This research was supported by Social Sciences and Humanities Research Council of Canada (SSHRC) through funding from the Major Collaborative Research Initiative (MCRI): Global Suburbanisms: Governance, Land and Infrastructure in the 21st Century (2010-2017)
School of Planning, University of Waterloo
What are the suburbs?
This was the question guiding the discussion for the first meeting of the Canadian Suburbanisms Working Paper reading course (PLAN 675). Run by Professor Markus Moos, Assistant Professor in the School of Planning, the focus of the course is just as it sounds – exploring the nature of suburbs. However, it is also a forum for the development of practical skills: graduate planning students get the opportunity to cut their teeth on the scholarly publishing process as they work towards putting together working papers to be included in the Atlas.
Today’s discussion centred on the juxtaposition between the traditional, stereotypical image of the suburbs and the reality that perhaps the concept is much more nuanced than it would seem at first glance. In this sense, what may be considered suburban in one context may not register the same way in another setting. If we think of exploring the suburbs in terms of a handful of dimensions, then the picture starts to look more like a spectrum: where a given place falls on that spectrum is a focal point for exploring the notion of suburbanisms.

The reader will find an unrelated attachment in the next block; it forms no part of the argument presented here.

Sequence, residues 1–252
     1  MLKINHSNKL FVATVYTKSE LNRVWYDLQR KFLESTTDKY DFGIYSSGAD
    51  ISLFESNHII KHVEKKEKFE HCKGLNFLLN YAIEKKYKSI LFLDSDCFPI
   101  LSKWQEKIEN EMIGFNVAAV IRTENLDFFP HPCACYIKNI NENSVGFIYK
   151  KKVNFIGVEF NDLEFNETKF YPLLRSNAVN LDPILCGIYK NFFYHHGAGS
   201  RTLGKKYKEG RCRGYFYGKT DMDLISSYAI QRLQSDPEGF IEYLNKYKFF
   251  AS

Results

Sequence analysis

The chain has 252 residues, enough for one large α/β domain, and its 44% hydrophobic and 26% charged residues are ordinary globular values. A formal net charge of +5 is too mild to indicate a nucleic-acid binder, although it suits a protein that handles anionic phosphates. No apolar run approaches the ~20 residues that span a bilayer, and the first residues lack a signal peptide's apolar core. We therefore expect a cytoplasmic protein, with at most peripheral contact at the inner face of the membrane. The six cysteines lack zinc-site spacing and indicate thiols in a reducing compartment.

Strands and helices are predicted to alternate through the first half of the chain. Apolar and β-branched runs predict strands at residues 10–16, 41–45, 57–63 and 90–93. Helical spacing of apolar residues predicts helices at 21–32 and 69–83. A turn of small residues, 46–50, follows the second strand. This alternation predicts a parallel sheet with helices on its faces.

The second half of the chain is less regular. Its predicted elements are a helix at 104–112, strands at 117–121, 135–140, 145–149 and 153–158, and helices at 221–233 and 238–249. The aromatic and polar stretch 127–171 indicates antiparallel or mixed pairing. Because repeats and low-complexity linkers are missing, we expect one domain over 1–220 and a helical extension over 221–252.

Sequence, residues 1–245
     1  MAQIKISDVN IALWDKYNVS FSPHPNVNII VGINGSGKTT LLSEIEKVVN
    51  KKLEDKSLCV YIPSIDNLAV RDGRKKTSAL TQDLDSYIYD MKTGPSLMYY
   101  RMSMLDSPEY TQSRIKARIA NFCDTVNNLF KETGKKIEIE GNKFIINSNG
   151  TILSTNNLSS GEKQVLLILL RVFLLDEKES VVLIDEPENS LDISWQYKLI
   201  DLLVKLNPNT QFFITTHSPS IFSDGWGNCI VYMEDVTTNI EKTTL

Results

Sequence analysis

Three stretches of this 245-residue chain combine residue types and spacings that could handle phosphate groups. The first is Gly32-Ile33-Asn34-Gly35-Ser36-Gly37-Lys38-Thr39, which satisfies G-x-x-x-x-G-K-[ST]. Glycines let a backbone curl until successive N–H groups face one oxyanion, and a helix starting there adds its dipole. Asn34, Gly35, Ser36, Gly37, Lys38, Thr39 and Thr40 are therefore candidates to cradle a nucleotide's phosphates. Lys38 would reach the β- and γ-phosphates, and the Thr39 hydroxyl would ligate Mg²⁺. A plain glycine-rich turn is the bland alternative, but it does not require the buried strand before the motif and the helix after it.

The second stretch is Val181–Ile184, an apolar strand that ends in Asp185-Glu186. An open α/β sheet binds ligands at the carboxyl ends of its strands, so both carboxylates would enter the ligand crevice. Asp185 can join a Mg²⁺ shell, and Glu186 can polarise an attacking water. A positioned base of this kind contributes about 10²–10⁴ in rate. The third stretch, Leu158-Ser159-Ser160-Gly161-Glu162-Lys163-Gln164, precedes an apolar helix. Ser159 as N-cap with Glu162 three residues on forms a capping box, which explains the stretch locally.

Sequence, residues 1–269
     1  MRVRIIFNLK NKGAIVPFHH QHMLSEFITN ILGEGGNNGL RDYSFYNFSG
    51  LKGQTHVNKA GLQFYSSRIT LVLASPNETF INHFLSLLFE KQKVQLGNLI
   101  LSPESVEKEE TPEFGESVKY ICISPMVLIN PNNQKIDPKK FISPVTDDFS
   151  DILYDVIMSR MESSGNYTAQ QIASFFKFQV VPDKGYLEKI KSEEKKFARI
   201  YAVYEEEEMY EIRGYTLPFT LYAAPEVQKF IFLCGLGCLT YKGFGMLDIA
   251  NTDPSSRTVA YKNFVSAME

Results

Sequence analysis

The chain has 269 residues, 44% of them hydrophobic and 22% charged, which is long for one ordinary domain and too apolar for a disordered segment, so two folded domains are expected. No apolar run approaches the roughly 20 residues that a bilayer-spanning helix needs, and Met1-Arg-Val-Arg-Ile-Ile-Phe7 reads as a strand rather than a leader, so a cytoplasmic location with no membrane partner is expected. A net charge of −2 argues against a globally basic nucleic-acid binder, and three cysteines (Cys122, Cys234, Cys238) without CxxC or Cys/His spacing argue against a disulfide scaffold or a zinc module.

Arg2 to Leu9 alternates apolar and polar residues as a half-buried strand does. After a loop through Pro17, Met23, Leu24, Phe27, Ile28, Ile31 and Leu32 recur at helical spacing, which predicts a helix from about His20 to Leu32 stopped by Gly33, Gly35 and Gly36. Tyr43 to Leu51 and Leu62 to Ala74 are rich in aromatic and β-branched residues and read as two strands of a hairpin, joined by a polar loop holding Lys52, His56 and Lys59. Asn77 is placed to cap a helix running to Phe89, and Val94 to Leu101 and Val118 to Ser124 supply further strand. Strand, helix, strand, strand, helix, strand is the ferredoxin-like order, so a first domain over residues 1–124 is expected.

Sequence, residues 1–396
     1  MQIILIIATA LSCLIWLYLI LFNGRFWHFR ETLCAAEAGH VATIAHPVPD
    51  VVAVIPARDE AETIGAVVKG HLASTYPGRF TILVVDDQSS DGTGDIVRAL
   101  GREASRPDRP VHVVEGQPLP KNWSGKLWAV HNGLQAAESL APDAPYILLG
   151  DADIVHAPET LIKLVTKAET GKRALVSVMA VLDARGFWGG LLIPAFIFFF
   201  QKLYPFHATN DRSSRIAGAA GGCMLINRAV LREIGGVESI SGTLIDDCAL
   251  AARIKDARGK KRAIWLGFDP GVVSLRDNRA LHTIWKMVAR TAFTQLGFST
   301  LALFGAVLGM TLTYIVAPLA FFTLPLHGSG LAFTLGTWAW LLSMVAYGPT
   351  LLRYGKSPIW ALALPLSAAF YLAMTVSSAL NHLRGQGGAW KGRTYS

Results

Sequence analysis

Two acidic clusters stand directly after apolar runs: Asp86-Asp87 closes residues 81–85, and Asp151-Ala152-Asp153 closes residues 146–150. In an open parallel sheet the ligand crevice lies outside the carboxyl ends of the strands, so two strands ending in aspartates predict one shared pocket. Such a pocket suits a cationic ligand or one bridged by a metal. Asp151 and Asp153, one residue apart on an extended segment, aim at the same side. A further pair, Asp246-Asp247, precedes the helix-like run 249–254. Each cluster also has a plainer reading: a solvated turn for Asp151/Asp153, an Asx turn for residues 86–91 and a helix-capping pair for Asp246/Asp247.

So then, where to next? As much as this is a course for research and publishing, it’s also about developing and conveying stories of the way in which so many of us live. We hope you’ll join us along the way.